The members of the Beatles always preferred the mono version of the album. The fourth disc contains the complete mono version in all its glory. In some ways, it pales next to the enhanced version but it presents the album as it was originally envisioned.

The DVD and Blu-ray contain the 1992 documentary The Making Of Sgt. Pepper’s. While the film takes on some new life through the enhancement of its clarity, it still has been available for 25 years. The interviews with Paul, Ringo, and particularly George are worthwhile, as is the studio footage with commentary by George Martin. While it does not have the impact of the CD’s, it does form a good foundation for the set and it is nice to actually see the Beatles.

The 140 page book is highlighted by song information, recording info and a number of in depth essays. It all adds up to a good companion piece to the music.

The new stereo mix and the original mono release deserve the highest rating with the unreleased in progress discs and the book just a little below that level. The set provides a lot to absorb and ultimately to experience.

 

Rating: *****

The Definitive Anthology (2-CD) By Dan Fogelberg

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The Definitive Anthology

Dan Fogelberg

Real Gone Music 2017

Review by David Bowling

 

The Music of Dan Fogelberg has been in the background of my life for the past forty years or so. It has provided a pleasant, if not important listening experience.

My most important memories of Fogelberg was not his music but the blog he published while fighting an ultimately losing battle with cancer. It was a gritty, moving, honest, and in some ways frightening chronicle of his last years.

His catalogue of music has been re-released in every form possible.  The Daily Vault has reviewed just about his entire output. Now The Definitive Anthology has been issued. This 2-CD release gathers 28 of his best-known, and a few not so well-known songs, scrubs the sound clean, provides a compact history of the music, into one package.

I’m not sure this release is any more essential than several of his previous compilation packages but it is a fine overview of his career, especially if you are seeking an introduction to his music.

I tend to prefer his up-tempo songs such as “The Language Of Love” and “Part Of The Plan” to his slower more popular material; “Longer,” “Heart Hotels,” and “Same Old Lang Syne,” but all sold millions of copies and received extensive radio play.

His lesser known studio material remains interesting and in some ways is more creative than many of his popular hits. “Phoenix,” “Tucson Arizona (Gazette),” “Nexus,” and “Magic Every Moment” are layered and intricate creations.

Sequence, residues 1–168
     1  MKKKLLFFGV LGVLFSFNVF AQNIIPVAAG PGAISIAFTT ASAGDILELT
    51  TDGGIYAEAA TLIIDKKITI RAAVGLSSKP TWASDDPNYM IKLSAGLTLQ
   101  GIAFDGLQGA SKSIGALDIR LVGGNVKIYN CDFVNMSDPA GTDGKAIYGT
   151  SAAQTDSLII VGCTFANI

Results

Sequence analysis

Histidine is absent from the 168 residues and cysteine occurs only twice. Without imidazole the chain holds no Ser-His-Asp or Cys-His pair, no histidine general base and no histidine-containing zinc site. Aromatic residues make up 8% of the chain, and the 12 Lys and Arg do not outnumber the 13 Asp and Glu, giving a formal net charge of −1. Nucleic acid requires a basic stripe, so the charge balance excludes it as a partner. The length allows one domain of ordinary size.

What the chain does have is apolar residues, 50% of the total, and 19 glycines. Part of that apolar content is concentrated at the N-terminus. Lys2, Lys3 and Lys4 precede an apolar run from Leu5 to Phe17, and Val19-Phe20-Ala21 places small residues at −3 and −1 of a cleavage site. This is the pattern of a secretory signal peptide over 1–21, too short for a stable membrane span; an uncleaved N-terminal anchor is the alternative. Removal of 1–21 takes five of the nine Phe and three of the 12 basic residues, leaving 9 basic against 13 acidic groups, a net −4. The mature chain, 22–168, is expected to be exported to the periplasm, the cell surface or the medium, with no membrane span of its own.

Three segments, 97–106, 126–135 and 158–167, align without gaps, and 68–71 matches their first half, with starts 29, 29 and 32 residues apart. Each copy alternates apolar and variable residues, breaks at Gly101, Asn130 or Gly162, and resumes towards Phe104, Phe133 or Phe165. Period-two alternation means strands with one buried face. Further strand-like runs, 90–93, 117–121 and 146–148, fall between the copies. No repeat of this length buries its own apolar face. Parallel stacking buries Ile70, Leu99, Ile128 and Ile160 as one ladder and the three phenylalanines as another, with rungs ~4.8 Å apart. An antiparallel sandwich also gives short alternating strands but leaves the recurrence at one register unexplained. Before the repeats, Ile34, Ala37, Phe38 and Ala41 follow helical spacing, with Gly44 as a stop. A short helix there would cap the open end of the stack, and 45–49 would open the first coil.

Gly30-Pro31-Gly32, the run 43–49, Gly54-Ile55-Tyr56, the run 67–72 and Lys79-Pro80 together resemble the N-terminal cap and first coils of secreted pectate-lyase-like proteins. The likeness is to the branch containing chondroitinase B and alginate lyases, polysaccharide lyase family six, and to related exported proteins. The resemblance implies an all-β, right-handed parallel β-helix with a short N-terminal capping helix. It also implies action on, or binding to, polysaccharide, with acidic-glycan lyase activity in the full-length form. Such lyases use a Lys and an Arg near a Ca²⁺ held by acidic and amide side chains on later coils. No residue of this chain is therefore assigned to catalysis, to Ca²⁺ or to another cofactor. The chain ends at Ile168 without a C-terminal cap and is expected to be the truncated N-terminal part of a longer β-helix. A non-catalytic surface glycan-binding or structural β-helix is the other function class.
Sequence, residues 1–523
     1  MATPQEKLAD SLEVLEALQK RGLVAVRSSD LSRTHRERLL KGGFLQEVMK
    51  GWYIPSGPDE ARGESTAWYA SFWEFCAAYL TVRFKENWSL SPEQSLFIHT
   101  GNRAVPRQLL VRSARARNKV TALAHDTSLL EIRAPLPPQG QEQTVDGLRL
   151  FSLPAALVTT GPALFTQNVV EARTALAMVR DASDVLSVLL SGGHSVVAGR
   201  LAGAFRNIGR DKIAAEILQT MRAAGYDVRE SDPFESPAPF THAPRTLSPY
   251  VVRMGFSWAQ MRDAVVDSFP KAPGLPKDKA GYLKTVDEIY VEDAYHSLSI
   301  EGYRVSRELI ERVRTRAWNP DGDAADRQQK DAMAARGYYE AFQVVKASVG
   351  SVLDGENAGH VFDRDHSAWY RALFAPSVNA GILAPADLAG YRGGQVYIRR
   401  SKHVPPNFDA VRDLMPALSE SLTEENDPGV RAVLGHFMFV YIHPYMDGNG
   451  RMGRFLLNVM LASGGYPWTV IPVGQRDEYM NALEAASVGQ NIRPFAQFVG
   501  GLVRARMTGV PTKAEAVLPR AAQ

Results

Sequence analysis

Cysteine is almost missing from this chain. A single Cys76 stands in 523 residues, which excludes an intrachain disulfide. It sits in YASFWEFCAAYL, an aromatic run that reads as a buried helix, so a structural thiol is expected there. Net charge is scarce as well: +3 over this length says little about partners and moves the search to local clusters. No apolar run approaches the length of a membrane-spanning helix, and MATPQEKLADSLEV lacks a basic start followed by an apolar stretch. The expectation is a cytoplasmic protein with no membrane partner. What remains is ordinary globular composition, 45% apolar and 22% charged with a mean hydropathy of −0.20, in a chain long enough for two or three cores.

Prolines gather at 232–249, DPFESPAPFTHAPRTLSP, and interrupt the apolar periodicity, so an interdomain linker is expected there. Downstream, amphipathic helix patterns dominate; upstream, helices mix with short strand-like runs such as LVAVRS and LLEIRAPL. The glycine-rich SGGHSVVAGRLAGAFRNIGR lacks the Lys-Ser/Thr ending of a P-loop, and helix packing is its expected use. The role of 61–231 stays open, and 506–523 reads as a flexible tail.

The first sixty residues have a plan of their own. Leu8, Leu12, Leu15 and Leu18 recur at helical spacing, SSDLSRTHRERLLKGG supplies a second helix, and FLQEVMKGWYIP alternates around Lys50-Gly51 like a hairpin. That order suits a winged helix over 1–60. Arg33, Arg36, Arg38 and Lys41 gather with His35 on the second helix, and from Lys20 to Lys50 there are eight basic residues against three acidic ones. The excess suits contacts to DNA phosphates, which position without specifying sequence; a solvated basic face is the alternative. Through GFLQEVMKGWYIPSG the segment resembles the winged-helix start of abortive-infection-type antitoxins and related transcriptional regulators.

There are several inclusions that take him in a different direction. A rare cover song, The Cascades old hit “Rhythm Of The Rain,” has a smooth vocal delivery with a brass section in support. His hit “The Power Of Gold” with flautist Tim Weisberg and vocal harmonies by Don Henley of the Eagles was a unique stop in his career. The album ending fusion of his “Leader Of The Band” with “The Washington Post March” is a creative mix.

Dan Fogelberg produced bright, melodic, well-constructed, and at times introspective pop music. The Definitive Anthology is a good look at some of the highlights of his career.

Rating: ****

 

You Can’t Do That (CD) By Mick Kolassa And Mark Telesca

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You Can’t Do That

Mick Kolassa Mark Telesca

Swing Suit Records 2017

Review by David Bowling

 

Mick Kolassa and Mark Telesca are bluesmen to the core, who have been honing their craft for decades. Through constant touring, releasing albums, and appearing as sidemen on countless albums released by friends, they have achieved the respect of their peers and a degree of commercial success.

They engaged in an impromptu jam session at the 2016 Blues Music Awards. They fused the blues with a number of Beatles songs. That ultimately led to their new  album You Can’t Do That, which are acoustic blues versions of 11 songs by John Lennon and Paul McCartney.

Kolassa and Telesca are both guitarists and vocalists, but they added additional guitarist and album producer Jeff Jenson to the mix, which gives the music extra depth and textures. They then added a harmonica here, a fiddle there, and even a trumpet to fill in the gaps.

It is a tight album as they stay true to the length of the songs. They improvise within the structure of the compositions and do not go on any extended journeys.

They also delve a little deeper into the Beatles catalogue. They chose songs that were adaptable to their style of blues rather than just selecting their best-known songs. “I’ll Cry Instead,” “Fixing A Hole,” “She’s A Woman,” and “Mean Mr. Mustard/Polythene Pam” are perfect for their bluesy guitars and intricate picking.

They are more adventurous on some of the Beatles up-tempo numbers. “Can’t Buy Me Love,” “Lady Madonna,” and the title track are twisted out of shape, plus they play with the tempos.

Mick Kolassa and Mark Telesca have managed to recreate a number of Beatles songs in ways that have not been previously explored, which is quite an achievement in itself after all the years. You Can’t Do That is worth a listen for any fan of the Beatles or the blues.

Rating: ****